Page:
The call rang through, and I hurried to finish my bite of “lunch.”
The latest peer-to-peer phone call with an insurance company physician, now a near-daily routine.
I reminded myself to remain serene, and the discussion proceeded.
I counted to ten in my head. Three times.
I closed my eyes. Took several deep breaths.
The physician on the other end of the line did seem, to her credit, to be trying to find a way to approve the test I had ordered for my patient.
But not based on her expertise as a physician. I could surmise, from her talking through her process out loud, that she was attempting to find the right combination of “checkboxes” her employer required in order to get the test approved.
I couldn’t stand it any longer.
“So, what’s the reason for the denial?” I strove to keep the exasperation out of my voice. “It’s pretty straightforward. Don’t you agree this patient has a clinical constellation of symptoms and risk factors that justifies this test?”
Her tone remained upbeat. “If you’ll just bear with me. I’m trying to find a way…”
“But…aren’t you a physician? Isn’t the point of this call for you and I to discuss the case, and if in your medical opinion as a physician, you agree with me, then you, as a medical doctor, can authorize it?”
Her voice deflated. “It’s—I’m trying—you see—it’s an opportunity…”
The formulaic sentences trailed off.
I refrained from further comment.
She continued to talk through her workflow. Eventually, and again to her credit, she found the right series of “boxes” to check that allowed her to authorize the test. She gave me the approval number and we ended the call with forced politeness on both ends.
Afterward, I found myself ruminating on the question of, why?
Why do some physicians go to work for the insurance companies?
Out of curiosity, I did an online search, as if I was looking for such a job.
I found some interesting things:
- None of the listings included the salary
- But they all touted lifestyle benefits, including the regular, predictable hours.
- They all espoused high levels of support and respect given to their physician employees
- One major insurance company’s employment webpage showed a photo of adults dressed in formal eveningwear jumping into a swimming pool, as if when you go to work for them, you’re in for the party of your life.
However, I found only one transparent article online.
In the post, Working for Health Insurance – Is This Really the Dark Side?, Heather Fork, MD, CPCC, the owner and founder of The Doctor’s Crossing, posted an interview with one of her physician-clients.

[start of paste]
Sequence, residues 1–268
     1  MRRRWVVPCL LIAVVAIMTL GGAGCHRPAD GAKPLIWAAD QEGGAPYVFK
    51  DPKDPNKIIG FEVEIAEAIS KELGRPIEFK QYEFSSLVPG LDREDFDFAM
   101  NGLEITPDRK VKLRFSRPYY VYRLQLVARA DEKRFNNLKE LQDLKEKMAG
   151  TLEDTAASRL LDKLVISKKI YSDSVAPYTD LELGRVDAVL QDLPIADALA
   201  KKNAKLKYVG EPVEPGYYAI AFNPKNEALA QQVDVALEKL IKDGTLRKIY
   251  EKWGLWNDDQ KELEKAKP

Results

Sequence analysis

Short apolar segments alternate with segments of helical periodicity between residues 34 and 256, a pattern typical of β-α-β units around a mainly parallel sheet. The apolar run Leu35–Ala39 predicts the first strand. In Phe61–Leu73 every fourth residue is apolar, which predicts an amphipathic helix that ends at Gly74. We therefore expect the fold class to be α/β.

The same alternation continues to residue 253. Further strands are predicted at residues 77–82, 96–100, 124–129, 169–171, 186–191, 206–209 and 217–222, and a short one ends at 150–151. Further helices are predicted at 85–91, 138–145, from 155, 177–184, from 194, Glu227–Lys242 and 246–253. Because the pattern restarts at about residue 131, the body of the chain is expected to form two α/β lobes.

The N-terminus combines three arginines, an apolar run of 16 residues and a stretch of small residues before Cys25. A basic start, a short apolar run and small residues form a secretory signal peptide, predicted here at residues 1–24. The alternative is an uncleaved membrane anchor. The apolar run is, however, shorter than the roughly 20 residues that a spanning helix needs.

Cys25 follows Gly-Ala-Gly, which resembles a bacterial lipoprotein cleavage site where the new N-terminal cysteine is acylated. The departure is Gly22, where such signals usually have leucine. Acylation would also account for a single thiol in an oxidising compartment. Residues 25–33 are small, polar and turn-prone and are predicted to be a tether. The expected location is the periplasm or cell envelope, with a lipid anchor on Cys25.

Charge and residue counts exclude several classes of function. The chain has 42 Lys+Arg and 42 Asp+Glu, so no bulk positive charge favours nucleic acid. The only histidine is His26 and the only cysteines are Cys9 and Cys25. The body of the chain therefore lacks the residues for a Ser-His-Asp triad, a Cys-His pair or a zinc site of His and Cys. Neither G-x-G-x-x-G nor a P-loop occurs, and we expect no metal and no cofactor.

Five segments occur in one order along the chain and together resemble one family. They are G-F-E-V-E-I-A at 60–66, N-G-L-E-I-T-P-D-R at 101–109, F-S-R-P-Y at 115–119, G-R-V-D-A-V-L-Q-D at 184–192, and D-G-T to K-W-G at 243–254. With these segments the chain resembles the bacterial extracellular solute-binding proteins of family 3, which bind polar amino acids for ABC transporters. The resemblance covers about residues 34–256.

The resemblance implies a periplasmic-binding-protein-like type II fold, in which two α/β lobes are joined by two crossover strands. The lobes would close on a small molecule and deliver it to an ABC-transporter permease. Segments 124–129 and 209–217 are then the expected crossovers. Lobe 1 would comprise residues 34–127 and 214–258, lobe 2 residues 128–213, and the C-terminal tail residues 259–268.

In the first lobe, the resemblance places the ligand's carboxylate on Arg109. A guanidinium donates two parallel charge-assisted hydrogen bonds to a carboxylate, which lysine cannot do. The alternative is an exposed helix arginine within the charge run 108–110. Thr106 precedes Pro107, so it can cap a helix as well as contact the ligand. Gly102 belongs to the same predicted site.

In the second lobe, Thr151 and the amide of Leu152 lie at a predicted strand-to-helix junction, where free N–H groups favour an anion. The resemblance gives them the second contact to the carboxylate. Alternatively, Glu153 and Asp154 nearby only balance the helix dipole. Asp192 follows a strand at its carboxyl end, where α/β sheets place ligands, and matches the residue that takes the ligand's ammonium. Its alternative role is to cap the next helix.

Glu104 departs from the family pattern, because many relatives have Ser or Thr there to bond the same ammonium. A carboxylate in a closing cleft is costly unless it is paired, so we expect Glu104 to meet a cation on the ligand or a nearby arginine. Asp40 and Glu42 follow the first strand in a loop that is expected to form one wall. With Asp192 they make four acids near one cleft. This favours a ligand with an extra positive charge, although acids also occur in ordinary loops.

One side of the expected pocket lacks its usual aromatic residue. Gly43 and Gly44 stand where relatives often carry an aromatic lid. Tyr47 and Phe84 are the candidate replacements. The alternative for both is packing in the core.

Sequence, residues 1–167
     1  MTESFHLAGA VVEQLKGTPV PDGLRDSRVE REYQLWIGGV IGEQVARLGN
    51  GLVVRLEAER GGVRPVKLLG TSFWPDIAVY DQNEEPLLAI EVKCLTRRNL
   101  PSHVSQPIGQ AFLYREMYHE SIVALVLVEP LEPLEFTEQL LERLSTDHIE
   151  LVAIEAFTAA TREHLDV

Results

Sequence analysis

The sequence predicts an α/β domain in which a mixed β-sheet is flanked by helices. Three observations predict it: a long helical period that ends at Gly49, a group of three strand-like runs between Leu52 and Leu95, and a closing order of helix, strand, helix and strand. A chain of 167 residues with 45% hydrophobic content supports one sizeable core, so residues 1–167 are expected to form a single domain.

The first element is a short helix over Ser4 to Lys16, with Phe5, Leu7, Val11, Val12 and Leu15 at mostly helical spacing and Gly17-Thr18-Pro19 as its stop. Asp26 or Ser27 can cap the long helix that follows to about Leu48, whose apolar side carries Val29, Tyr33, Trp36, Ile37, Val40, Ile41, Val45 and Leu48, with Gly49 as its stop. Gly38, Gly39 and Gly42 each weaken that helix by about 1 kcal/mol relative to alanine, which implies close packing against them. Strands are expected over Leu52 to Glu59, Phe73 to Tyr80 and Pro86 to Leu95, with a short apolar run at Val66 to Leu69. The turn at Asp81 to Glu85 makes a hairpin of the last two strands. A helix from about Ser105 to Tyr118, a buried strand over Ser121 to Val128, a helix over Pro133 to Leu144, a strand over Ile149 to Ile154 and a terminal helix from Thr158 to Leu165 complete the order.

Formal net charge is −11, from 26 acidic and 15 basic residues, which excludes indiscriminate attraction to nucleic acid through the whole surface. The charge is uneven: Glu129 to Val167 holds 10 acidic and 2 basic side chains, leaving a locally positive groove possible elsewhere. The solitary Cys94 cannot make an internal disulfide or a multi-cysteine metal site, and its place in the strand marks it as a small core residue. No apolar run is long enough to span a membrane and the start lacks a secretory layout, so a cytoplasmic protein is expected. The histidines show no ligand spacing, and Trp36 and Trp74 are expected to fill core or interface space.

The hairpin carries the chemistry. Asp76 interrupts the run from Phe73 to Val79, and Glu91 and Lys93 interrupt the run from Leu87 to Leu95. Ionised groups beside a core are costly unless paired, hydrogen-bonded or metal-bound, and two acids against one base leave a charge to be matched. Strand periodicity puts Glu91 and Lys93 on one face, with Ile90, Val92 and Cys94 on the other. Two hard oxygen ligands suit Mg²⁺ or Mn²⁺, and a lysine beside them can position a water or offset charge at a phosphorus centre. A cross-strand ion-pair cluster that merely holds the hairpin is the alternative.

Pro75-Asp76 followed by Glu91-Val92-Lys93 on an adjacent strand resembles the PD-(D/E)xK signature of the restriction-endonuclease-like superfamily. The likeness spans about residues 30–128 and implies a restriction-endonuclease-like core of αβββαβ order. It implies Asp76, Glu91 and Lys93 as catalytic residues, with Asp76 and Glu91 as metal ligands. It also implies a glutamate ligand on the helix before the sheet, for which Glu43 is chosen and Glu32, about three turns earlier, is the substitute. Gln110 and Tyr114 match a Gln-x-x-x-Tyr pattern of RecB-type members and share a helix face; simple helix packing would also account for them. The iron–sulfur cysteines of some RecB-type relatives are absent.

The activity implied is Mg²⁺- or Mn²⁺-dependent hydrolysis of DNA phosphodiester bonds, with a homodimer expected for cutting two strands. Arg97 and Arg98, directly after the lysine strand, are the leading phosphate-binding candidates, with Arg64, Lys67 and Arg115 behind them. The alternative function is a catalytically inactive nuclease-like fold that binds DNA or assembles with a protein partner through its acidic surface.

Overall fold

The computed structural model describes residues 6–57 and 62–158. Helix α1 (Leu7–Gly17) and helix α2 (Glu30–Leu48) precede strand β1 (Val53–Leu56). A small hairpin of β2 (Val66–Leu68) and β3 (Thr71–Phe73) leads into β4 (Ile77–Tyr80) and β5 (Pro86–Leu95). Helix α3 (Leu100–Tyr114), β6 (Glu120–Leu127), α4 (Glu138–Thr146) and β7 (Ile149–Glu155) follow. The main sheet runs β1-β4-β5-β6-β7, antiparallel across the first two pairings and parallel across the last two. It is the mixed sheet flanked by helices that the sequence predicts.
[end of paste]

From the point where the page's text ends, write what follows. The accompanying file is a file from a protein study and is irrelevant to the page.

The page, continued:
Of note, the physician declined to be identified by her real name, or identify the name of her employer.
And this was the only reference I could find online as to how much a physician working for an insurance company might be compensated.
According to the interview:
What kind of compensation could a doctor anticipate for an entry-level position?
"Dr. Crawford [not her real name]: $200 – $220K.
What do you like about your job?
Dr. Crawford: I love working at home. I like my team. I like my superiors and the management structure of the company. They take your concerns into consideration and try to make it work for you. The benefits and pay are really good. I enjoy getting to use my medical knowledge. It’s not a simple job, but there is so much less stress than when I was in clinical practice.
What don’t you like about your job?
Dr. Crawford: There is a lot of typing and mousing. I was having trouble with my wrists before and I still do…I get up and take some breaks and move around.
How are you treated?
Dr. Crawford: Really well. In my last job I was a corporate employee. This is vastly different experience. I was warmly welcomed. I have one-on-one meetings with my boss. When I was in practice as a corporate physician, they always forgot Doctor’s Day. This year I received 42 Happy Doctor’s Day emails. It’s a much better feeling."
Hmmm, trading the grind of clinical practice, and this end of those peer-to-peer calls, for feel-good management, Happy Doctor’s Day emails and risking some carpel tunnel (but wait, we already are all forced to do that – spend more time at the computer keyboard than with our patients regardless…)
It’s almost enough to convince even me.
Are you a physician with experience or insight in working for an insurance company? Tell us more about it! When and how did you make the decision to change roles?
Dr. Jennifer Lycette, MD is a medical oncologist in community practice for 11 years. She works and resides on the North Oregon Coast, where she lives with her husband and 3 children. Her personal blog, The Hopeful Cancer Doc, includes her writings on practicing oncology, maintaining hope in medicine, work-life balance, and various other musings.